Students Use Video Cameras to Focus on Bias, Insensitivity
The high schoolers fidget as the teacher announces a meeting of the school’s Chinese Club. “What are they going to do, eat rice all day?” a boy asks. His classmates snicker, but in one corner, two solemn Chinese-American girls stare silently at their hands.
Four students in another room whisper worriedly in their native Vietnamese as they try to decipher an in-class writing assignment. A blond classmate glances derisively at them, then tells her friend, “This is an English class; they should learn to speak English.”
These scenarios were staged, but Irvine High School teacher Bruce Baron had heard similar remarks too often. So he and about 30 students in the school’s Ethnic Advisory Forum last year began videotaping these and other skits depicting prejudice and insensitivity, and using them to spark discussions.
“The program isn’t me, it’s what the students do,” said Baron, 33, who teaches history, African studies, and world cultures. Teams of students with different ethnic backgrounds show the tapes to literature and history classes, then encourage their peers to talk about what they have seen. Ultimately, they hope, the dialogue will help students feel more comfortable with one another.
“Sometimes no one volunteers, so one of my students will say, ‘Oh, come on, you guys.’ Eventually what will happen is at least half of the class will say, ‘Yeah, I’ve heard something like that.’ Or one of the ethnic minority kids will say, ‘Yeah, I’ve been made fun of,’ ” Baron said.
“In a couple of classes, it was the Jewish kids who started things off by saying they grew up without encountering any prejudice. They shared what it was like the first time people started telling jokes about them because they were Jewish; they were really taken aback by it,” Baron said.
Baron began the forum in 1981 when he noticed that students from different ethnic groups were not intermingling on campus. “We never found that anyone was trying to purposely discriminate against anyone; it was simply what happens at all high schools,” he said.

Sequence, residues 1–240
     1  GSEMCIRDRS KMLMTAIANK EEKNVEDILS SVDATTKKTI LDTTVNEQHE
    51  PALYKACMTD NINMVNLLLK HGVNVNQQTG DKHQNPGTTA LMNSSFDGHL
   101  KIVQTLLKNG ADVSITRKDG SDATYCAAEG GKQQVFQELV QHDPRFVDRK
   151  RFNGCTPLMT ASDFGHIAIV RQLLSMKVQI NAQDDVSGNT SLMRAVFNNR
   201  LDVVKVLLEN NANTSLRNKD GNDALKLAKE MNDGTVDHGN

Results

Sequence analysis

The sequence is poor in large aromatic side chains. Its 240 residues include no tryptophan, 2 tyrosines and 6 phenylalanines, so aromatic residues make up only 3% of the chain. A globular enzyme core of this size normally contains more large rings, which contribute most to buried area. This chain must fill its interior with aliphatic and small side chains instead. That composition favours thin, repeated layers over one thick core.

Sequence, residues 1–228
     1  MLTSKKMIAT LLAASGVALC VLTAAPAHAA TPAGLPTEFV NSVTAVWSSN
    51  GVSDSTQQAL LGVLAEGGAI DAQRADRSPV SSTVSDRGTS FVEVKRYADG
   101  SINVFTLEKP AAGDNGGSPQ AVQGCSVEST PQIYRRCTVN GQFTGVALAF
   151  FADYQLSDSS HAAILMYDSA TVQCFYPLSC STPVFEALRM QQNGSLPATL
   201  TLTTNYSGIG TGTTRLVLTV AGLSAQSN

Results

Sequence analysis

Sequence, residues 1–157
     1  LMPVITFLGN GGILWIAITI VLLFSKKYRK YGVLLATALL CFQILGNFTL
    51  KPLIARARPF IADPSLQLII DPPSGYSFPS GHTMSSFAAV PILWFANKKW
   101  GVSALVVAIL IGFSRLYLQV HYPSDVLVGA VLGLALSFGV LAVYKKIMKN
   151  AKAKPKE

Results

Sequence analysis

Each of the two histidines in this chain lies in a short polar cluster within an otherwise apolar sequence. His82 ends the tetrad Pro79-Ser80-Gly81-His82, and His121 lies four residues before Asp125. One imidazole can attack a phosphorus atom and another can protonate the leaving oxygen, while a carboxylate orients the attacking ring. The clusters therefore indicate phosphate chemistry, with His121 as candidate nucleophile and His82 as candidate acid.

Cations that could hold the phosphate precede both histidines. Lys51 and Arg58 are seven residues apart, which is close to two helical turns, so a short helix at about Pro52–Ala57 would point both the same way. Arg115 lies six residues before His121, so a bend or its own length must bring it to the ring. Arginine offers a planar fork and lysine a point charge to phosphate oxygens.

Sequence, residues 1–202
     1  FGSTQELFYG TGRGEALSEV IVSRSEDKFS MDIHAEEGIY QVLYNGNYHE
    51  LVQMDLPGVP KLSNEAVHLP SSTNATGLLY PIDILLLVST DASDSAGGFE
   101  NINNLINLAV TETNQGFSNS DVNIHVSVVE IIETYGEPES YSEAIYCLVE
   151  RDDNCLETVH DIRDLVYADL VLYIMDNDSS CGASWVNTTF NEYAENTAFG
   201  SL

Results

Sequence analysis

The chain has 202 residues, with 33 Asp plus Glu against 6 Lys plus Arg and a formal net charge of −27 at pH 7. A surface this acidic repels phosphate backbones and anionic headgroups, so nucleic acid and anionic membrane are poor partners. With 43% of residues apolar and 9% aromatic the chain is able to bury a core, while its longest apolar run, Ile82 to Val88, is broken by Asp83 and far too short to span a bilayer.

The program, the only one of its kind in Orange County, is especially timely in Irvine, where the minority enrollment has increased by more than 1,000 in the last four years. As of August, 1984, the district had 1,898 Asians or Pacific Islanders, 952 Latinos, 496 blacks, 185 Filipinos and 14 American Indians or Alaskans. Of the city’s three high schools, Irvine High’s minority enrollment is the largest, about 35%, said Principal Gary Norton.
“I’ve been called lots of names because I’m Indian, or because I’m Hindu,” said Radha Swaminath, who was born in Canada and is a forum member. Bang Nguyen, who came to the United States 10 years ago with the first wave of refugees from Vietnam, also knows what it feels like to be an object of curiosity: “In every class I went to (in my) freshman year, people were staring at me and saying I was a minority.”
But, he said, “It’s not like that now. We’re paving the way for future generations.”
Filipino student Lendor Tobias said the videotapes target the kind of prejudice he and a friend encountered recently from a store clerk.
“There were about five guys ahead of us who all happened to be Caucasian,” Tobias said. “The checker greeted them with a smile and a story, but when we got to the counter, he didn’t even glance at us. Those minute things can affect a job or a loan. Those are the things we want people to know do happen.”
Members of the Ethnic Advisory Forum, who meet one evening a month to plan their activities, also hope to undo simple ignorance about different cultures. “People are surprised when they find out I’m Peruvian and that I speak English,” said forum member Andrea Dworzak, who has lived in the United States for nine years. “They ask me if I lived in a hut in the jungle.”
Forum members say the program already has helped to break social barriers, as evidenced by the multiracial groups that now dot the campus at lunch.
In April, Baron and some of his students were invited to spend an afternoon telling over 50 teachers and administrators from Los Angeles County schools about their activities. The students’ stories were an awakening for many who attended, said educational consultant Jo Bonita Perez.
“Some educators feel that such a program has no relevance to young people, that it’s just a warm, fuzzy experience dealing with non-academic learning,” said Perez, who helped organize the presentation. “What they learned is that kids have deep-seated reactions to being the focal point of prejudicial remarks, and that they really do hurt.”
Another sign of change is that the campus ethnic clubs have become interest groups, not racial organizations, forum members say. Several years ago, the Vietnamese and the Chinese clubs squared off in a softball game that ended when each side accused the other of cheating. Now, the Chinese Club has Vietnamese members and the Vietnamese Club has Chinese members, and white students belong to all the groups.